Date: Fri, 15 Oct 1999 08:43:54 +1000
From: skaller <email@example.com>
To: Manuel Fahndrich <firstname.lastname@example.org>
Subject: Re: Proposal for study: Add a categorical Initial type to ocaml
Manuel Fahndrich wrote:
> skaller wrote:
> > Like I've been saying, with option you can turn it off, with
> Obj.magic, the implementor ought to be damned sure he's doing things right.
> But with these special "uninitialized value" sorts of things, people like
> me who've gotten used to good type systems keep looking over their
> shoulders because they're afraid it might turn around and bite
> them in the butt.
>> How is this different from Obj.magic? Can't that bite you
>> in the ass too?
>>> The difference is that in the first case of uninitialized values, they can
>>> crop up anywhere in your program, since they get propagated. Using Obj.magic
>>> within a special module such as resizable arrays confines the danger to that
>>> module. The programmer can make sure (through extensive code reviews of a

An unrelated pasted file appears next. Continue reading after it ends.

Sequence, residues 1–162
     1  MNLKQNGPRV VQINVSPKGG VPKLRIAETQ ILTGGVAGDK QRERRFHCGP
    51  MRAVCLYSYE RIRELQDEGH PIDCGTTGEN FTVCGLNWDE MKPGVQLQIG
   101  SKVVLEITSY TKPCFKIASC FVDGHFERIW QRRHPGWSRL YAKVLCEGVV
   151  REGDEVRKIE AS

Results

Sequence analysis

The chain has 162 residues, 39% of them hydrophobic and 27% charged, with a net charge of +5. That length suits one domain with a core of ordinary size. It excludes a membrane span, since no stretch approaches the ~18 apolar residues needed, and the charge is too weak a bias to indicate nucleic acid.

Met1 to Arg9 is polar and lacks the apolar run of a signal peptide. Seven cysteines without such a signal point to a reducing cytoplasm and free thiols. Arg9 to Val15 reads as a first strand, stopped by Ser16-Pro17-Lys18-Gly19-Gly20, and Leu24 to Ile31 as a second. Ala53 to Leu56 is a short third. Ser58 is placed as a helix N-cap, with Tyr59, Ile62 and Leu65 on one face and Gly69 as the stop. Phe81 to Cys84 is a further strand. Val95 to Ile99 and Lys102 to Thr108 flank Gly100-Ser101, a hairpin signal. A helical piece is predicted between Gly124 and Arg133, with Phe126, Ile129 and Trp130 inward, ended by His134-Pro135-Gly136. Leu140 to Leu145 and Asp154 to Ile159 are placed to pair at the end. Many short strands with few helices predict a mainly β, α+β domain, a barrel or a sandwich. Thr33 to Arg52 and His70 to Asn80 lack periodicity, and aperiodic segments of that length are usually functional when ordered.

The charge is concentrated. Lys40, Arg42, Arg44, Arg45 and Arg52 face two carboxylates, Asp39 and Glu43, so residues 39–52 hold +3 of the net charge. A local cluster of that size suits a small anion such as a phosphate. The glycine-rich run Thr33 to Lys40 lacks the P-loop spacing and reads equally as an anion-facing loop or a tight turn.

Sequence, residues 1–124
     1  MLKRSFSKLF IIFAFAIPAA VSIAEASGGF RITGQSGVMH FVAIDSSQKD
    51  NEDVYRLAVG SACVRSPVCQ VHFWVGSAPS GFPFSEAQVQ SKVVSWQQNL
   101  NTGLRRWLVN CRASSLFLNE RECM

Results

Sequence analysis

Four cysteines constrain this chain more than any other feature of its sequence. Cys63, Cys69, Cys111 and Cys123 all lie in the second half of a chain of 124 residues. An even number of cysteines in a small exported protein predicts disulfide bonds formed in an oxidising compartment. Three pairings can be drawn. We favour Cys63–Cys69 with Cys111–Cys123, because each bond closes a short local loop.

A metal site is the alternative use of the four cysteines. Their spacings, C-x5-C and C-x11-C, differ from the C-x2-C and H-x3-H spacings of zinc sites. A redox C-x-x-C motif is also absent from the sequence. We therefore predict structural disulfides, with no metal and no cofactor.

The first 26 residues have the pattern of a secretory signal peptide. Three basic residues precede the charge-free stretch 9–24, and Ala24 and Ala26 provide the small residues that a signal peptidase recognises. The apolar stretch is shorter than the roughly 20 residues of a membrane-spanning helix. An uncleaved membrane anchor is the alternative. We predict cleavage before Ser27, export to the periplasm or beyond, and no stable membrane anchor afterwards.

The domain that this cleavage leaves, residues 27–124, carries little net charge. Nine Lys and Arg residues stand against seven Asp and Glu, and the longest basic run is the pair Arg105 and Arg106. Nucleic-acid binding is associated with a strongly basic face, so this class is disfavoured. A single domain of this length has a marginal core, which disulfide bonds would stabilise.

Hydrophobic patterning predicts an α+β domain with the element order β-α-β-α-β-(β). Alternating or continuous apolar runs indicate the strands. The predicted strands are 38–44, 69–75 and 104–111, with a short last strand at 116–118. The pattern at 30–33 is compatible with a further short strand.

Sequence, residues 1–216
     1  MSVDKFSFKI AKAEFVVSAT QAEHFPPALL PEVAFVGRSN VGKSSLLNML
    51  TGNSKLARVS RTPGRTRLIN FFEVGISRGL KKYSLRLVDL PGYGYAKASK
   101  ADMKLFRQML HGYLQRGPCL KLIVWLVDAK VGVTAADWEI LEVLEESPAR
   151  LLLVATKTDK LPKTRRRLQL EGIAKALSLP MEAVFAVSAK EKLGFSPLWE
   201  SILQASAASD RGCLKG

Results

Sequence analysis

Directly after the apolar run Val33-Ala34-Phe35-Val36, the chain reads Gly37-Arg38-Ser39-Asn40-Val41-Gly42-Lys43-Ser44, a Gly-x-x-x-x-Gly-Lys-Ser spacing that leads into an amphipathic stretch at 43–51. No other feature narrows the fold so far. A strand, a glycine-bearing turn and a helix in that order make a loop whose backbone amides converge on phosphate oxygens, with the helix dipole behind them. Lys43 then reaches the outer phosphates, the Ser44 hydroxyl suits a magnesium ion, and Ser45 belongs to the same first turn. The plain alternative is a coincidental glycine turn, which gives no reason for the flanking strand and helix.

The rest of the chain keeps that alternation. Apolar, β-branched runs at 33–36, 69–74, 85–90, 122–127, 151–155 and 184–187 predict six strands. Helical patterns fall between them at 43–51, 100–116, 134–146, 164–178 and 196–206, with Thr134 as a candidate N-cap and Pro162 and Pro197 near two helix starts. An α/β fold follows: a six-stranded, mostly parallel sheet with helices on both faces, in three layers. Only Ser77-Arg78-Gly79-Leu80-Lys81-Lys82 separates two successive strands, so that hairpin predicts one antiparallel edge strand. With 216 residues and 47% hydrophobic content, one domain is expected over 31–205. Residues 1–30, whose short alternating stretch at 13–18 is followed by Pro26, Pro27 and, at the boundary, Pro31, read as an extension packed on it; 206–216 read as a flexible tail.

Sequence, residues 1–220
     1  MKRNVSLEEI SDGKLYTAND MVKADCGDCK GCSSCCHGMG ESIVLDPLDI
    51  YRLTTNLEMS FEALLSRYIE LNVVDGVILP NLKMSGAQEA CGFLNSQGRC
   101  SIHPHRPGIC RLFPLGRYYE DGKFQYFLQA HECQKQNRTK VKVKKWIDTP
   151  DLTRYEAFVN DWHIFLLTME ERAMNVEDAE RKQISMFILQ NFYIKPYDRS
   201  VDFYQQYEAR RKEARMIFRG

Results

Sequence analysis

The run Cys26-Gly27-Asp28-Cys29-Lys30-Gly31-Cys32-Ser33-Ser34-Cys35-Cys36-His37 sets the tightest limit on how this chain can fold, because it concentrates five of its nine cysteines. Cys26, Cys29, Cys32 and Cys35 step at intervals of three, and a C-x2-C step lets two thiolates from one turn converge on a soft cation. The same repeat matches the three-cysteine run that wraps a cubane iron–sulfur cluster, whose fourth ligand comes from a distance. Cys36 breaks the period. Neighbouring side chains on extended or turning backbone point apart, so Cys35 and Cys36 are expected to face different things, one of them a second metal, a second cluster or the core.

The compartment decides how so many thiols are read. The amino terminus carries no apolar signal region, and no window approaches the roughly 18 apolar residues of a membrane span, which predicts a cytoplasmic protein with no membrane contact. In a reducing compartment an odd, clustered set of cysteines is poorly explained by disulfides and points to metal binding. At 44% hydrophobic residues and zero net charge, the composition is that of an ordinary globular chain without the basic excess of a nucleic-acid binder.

>>> finite piece of code) that outside the module, things cannot go awry.
No. It is the other way around. Obj.magic values can get
propagated, and so cause a problem. The special initial can NOT
be propagated. Any attempt to copy such a value raises an exception.
Ensuing this does not happen is also a matter of hiding within
a modular abstraction, but at least an exception will help
detect such localised errors.
-- John Skaller, mailto:email@example.com 1/10 Toxteth Rd Glebe NSW 2037 Australia homepage: http://www.maxtal.com.au/~skaller downloads: http://www.triode.net.au/~skaller
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